Sarah Petrevan is Policy Director at Clean Energy Canada, and one of the key climate advocates monitoring Ottawa’s progress toward a just, green recovery. With Canadians waiting and watching to see what form that recovery will take, she shares her latest assessment of where the discussion stands.
The Energy Mix: How would you assess the federal government’s approach so far to a green and just recovery?
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Petrevan: It’s challenging to assess their approach, because we haven’t seen a recovery package yet. But what have we seen?
On one hand, Canada still feels very much like it’s in crisis mode. Things are slightly more relaxed than they were in March or April, but even as the economy opens in various places and stages, we’re now seeing spikes [in COVID-19 infections] in certain parts of the country. Things don’t feel like they’re back to normal. We haven’t seen a large recovery package, or any recovery package, because we’re still dealing with the more immediate challenges around wages and people being out of jobs, particularly in sectors like tourism and hospitality.
On the other hand, all the right signals we would look for are there. The government has maintained its commitment to a price on carbon. They’ve maintained their commitment to the Clean Fuel Standard. And we’re also seeing green strings on certain relief packages, like the requirement for climate disclosure in the Large Employer Emergency Financing Facility (LEEFF) bridge financing program. Those all point in the right direction. But we haven’t seen a full economic recovery package yet, and it’s uncertain when that might change.
The Mix: We are seeing releases like the recent Energy Policy Tracker that reported C$16 billion in potential fossil relief in Canada, compared to only $300 million for clean energy. But it’s just potential relief, because there isn’t enough transparency around Export Development Canada to track the actual spending. What does that say about the shape of the recovery?
Petrevan: It’s really uncertain. There isn’t a lot of information out there, and we can’t assess Canada’s package, because we haven’t seen it yet. I think everyone is trying to piece together what’s going on because there’s an information vacuum. And when a vacuum is created, people are left trying to figure out what’s going on and why.
The Mix: We’ve been hearing that there’s fairly strong support in government for green recovery measures, but caution about a second wave of the pandemic. At the same time, we’re starting to see some pointed criticism that they’re being too hesitant. What process and timing do you see ahead?
Petrevan: It’s obvious the government doesn’t feel like it’s ready to move forward with a package, and who knows whether that will change by September? But I will say that, through the sheer course of operation, the government is going to have to deliver a budget at some point. We haven’t yet had a 2020 budget. We had an economic statement last week, but that really only focused on the size of the crater left by the pandemic, and there will need to be a budget. Maybe we’ll see things come out then, but I really have no insight into what they’re thinking timing-wise.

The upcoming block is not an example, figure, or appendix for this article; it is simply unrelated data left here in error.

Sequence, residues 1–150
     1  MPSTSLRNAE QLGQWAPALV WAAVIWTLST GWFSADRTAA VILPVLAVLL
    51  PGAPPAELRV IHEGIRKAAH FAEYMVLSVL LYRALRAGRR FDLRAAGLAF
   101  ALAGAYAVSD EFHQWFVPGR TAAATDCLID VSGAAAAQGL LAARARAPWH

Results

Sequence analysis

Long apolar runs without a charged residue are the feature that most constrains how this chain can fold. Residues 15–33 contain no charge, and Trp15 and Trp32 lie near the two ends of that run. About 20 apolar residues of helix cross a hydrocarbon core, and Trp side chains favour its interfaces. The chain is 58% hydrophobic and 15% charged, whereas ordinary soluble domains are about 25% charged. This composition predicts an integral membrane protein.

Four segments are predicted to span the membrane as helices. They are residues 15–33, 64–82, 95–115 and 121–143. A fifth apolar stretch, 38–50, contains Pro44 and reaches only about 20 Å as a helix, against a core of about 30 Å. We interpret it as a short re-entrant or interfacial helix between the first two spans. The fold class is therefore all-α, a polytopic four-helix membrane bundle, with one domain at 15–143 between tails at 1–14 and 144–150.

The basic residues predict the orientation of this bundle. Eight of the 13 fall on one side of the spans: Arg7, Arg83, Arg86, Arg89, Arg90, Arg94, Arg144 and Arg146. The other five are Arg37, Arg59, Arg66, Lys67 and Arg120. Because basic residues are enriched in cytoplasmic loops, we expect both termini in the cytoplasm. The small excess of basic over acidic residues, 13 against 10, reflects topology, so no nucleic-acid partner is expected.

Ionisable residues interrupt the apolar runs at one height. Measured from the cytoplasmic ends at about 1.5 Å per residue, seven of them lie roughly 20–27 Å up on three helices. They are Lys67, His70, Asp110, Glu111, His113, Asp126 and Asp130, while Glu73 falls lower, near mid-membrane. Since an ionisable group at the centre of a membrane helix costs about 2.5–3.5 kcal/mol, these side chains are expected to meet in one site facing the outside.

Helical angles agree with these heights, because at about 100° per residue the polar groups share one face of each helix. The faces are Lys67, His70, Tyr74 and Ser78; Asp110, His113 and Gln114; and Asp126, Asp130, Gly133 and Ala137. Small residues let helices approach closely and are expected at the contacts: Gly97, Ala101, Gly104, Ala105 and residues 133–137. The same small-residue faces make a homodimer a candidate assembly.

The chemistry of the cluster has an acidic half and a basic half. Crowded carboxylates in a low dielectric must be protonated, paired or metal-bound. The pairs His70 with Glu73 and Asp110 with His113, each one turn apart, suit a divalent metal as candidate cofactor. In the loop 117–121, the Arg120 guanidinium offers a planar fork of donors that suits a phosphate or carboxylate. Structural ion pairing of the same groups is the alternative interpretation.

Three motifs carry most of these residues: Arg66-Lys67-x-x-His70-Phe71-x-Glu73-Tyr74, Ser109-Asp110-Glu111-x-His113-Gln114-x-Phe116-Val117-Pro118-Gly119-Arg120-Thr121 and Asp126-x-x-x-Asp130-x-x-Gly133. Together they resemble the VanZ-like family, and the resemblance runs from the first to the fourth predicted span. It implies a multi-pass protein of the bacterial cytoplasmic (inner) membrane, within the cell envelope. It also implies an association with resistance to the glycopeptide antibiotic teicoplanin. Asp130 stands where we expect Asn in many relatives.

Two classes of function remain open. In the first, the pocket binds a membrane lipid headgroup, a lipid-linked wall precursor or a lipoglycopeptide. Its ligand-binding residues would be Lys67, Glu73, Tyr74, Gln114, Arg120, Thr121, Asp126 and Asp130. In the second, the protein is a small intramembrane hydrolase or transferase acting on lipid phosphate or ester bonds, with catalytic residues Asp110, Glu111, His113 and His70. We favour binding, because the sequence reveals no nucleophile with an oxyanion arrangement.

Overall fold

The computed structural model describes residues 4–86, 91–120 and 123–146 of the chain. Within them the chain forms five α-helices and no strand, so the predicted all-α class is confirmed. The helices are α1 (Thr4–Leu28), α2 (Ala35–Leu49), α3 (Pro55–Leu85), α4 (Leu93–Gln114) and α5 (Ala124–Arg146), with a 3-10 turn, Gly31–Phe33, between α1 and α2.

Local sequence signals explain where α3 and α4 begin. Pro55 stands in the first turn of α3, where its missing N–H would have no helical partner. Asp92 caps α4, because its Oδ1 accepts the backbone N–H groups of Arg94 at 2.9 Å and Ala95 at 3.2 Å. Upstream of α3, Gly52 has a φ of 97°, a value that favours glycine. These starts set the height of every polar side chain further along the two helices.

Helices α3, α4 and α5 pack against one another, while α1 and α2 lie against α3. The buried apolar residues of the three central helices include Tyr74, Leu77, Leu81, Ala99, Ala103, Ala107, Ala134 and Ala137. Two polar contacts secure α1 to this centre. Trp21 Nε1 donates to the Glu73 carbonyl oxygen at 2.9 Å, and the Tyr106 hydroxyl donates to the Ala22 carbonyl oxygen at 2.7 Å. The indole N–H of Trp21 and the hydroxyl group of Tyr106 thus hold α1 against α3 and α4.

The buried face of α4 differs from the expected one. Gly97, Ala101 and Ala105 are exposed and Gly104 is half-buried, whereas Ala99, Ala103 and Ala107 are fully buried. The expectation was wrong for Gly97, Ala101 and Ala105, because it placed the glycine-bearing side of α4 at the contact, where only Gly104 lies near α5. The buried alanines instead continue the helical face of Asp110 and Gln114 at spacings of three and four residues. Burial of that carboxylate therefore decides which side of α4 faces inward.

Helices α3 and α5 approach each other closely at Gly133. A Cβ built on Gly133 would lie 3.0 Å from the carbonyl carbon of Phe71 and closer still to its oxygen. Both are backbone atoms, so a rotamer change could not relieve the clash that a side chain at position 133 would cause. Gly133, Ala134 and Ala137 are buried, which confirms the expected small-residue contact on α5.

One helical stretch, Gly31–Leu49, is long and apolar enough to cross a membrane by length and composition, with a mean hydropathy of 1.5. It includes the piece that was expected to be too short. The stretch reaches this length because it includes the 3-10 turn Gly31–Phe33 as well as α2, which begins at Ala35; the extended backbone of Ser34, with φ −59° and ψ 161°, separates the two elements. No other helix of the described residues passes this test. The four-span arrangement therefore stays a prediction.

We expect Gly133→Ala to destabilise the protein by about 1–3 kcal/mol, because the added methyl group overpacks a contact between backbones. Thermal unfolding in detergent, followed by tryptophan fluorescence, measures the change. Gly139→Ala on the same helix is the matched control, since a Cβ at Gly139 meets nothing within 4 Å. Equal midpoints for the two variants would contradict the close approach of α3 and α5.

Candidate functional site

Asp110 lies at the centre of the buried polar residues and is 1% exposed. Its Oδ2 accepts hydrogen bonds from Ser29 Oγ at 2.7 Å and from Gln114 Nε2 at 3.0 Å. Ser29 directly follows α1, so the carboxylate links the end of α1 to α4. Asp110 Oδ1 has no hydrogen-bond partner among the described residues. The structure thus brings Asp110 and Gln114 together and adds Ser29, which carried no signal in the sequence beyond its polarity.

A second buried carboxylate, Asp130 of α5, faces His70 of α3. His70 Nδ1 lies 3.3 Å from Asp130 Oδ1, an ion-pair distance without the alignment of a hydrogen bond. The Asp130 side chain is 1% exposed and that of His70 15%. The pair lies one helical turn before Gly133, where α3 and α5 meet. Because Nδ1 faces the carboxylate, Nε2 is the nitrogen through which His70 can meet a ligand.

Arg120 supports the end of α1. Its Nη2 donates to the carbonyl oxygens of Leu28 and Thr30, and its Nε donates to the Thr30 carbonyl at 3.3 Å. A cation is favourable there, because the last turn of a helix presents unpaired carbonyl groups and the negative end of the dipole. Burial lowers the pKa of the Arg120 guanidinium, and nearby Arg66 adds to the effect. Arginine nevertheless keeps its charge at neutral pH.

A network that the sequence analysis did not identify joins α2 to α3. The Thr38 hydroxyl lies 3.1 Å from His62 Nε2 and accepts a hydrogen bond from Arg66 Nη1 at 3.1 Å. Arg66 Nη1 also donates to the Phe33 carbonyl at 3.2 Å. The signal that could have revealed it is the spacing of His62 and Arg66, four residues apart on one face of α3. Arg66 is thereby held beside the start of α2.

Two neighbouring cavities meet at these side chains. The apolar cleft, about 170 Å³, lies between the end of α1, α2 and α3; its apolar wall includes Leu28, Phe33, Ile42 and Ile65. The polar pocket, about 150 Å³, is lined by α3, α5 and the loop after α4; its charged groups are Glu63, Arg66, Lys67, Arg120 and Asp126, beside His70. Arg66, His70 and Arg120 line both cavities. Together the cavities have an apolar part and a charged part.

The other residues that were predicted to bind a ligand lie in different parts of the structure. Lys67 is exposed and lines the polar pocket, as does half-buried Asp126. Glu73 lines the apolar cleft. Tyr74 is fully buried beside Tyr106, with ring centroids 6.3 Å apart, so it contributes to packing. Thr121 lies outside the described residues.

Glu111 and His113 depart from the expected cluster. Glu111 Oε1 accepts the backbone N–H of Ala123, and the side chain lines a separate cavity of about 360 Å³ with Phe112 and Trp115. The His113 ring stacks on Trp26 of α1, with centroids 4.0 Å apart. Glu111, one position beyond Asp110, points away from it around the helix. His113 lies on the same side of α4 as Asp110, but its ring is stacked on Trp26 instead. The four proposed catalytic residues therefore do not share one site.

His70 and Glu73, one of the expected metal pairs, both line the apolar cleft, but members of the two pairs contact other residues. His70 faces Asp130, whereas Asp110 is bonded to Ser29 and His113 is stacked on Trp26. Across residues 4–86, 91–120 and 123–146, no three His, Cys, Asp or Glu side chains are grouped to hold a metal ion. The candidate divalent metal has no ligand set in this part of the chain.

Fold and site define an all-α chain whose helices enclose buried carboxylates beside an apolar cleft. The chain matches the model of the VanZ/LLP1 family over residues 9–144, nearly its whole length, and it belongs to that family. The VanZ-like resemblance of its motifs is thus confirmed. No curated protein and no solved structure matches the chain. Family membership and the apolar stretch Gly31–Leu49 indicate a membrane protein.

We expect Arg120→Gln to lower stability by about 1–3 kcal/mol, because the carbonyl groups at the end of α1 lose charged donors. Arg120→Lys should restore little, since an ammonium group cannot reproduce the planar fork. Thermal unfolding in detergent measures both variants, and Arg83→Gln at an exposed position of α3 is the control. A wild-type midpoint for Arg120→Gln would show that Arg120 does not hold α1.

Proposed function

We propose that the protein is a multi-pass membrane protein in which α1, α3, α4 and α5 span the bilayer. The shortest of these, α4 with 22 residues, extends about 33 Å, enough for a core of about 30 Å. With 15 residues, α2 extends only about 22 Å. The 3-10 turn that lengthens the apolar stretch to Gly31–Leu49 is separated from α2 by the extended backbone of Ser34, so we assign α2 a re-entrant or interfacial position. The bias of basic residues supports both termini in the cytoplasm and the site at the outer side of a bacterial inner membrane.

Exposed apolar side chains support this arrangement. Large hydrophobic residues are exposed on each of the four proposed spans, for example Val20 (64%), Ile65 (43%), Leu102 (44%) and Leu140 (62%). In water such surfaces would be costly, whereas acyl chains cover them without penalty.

The Mix: What are the other factors either holding things up or pushing the process forward?
Petrevan: That’s a good question, and certainly others are speculating about it. Here, again, when there’s a vacuum, when there’s a lack of detail and perhaps some growing anxiety and uncertainty, the vacuum gets filled with lots of different things and people conclude what they want to conclude.
The Mix: We’re also hearing that the fossil industry is none too pleased with the pace and structure of the COVID-19 supports they’ve been offered. At this point, would you say Ottawa is favouring one set of industries over the other, or is everything just moving very slowly?
Petrevan: I don’t know that it’s fair to say they’re favouring one sector over another. A lot of sectors are hurting across the country, and certainly oil and gas wouldn’t be the only one saying the support programs aren’t targeted enough towards them or don’t meet their needs. From a government policy perspective, it’s challenging to come up with a one-size-fits-all approach: you need policies to be as streamlined as possible, but there are all sorts of unique sectors and work situations around the country. Despite any misgivings about what a green recovery package might look like, you do have to give the federal government credit for coming up with fast and quick and robust relief packages that meet the majority of people’s needs, even if they’re not 100% of what everyone would want if they were to design it themselves.
The Mix: Is there anything you’d like to add?
Petrevan: It’s uncertain times, and I like everybody else would love to know what’s going on and see Canada lead with a stimulus package that addresses the future challenges in the economy as a result of this pandemic, with principles like equality in mind. At the same time, I also want to see an economic recovery package that puts Canada on the path to having a strong economy in the future that reflects our commitments to our 2030 targets and achieving net-zero by 2050. I think there’s a possibility we’ll take the opportunity to do that, and there’s a risk that we won’t.
Follow-up: @cleanenergycan, @sarahcpetrevan
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